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Why does Opus encoder have a speech/music detector?
...rather than trying both modes for each frame and using the lower distortion one?

  • Makaki
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Re: Why does Opus encoder have a speech/music detector?
Reply #1
That's an interesting question, and I've been curious about it for a while.

According the the documentation. opus_encoder_create() has 3 application options:
* voip
* audio
* restricted_lowdelay

And then the opus_encoder_ctl() interface can do OPUS_SET_SIGNAL(signal_type), which can be:
* auto
* voice
* music

But this is just supposed to be a bias, more like a hint for the encoder not a restriction. Furthermore, from the Opus 1.1 demo page I can quote: "As of 1.1, libopus analyzes the audio content in realtime and dynamically selects the correct encoding mode on the fly." And I wonder how these options behave as of 1.2

But I've always wondered (per version). How mixing the options worked out.
VOIP application with signal bias set to music?
Music application with signal bias set to voice?

  • lithopsian
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Re: Why does Opus encoder have a speech/music detector?
Reply #2
The VOIP mode option in opusenc "gives best quality at a given bitrate for voice signals. It enhances the input signal by high-pass filtering and emphasizing formants and harmonics. Optionally it includes in-band forward error correction to protect against packet loss. Use this mode for typical VoIP applications. Because of the enhancement, even at high bitrates the output may sound different from the input." It is deliberately not transparent, to improve the clarity of speech at low bitrates. SILK is preferred because it enables some of these features. One of the features is a 50 Hz high pass filter.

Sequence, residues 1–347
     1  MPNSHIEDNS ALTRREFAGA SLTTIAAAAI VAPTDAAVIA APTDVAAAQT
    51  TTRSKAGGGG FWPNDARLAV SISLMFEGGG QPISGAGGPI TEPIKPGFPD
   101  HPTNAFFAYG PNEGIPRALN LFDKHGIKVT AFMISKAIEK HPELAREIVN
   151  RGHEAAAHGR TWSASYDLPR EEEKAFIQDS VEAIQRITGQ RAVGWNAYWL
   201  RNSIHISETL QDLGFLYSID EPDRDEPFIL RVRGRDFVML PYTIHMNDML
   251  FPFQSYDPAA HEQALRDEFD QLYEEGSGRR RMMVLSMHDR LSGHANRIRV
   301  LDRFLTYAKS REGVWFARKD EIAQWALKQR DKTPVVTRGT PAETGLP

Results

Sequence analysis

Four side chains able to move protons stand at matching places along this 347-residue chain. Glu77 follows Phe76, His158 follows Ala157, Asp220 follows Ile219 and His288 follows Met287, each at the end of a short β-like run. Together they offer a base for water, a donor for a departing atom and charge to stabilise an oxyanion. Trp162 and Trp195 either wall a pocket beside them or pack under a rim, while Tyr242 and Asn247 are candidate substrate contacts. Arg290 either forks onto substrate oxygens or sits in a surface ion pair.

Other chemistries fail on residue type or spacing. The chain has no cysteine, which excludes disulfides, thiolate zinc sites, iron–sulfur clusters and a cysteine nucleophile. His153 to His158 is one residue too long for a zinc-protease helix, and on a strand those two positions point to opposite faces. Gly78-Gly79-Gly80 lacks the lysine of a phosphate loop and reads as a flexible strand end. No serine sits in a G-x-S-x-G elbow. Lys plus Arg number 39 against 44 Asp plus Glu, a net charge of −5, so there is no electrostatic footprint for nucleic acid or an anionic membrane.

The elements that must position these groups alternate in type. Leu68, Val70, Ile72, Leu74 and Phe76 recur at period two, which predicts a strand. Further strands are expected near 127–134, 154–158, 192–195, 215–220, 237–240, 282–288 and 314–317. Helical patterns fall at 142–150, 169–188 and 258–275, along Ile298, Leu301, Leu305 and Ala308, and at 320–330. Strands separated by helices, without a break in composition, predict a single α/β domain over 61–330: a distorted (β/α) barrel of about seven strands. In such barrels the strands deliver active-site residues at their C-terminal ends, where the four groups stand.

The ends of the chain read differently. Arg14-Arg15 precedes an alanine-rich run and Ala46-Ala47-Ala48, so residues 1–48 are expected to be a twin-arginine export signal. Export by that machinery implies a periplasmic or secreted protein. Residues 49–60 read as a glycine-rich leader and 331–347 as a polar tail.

restricted-lowdelay forces CELT and forces the lowest possible latency. This disables some of the features that are used to enhance speech and it may reduce clarity regardless of bitrate.

The speech mode is essentially SILK and the music mode is essentially CELT, although there are hybrid modes and extreme high or low bitrates can override that decision.

To answer the original question, Opus (as of v1.1) does seamlessly switch between between speech and music modes unless you force one or the other. It doesn't generally do it with every frame since the algorithm tends to take some time to switch its decision, but the encoder makes continuous instantaneous decisions about the type of audio. It (libopus, but not yet opusenc) can also be configured to use lookahead to improve the decision of each frame.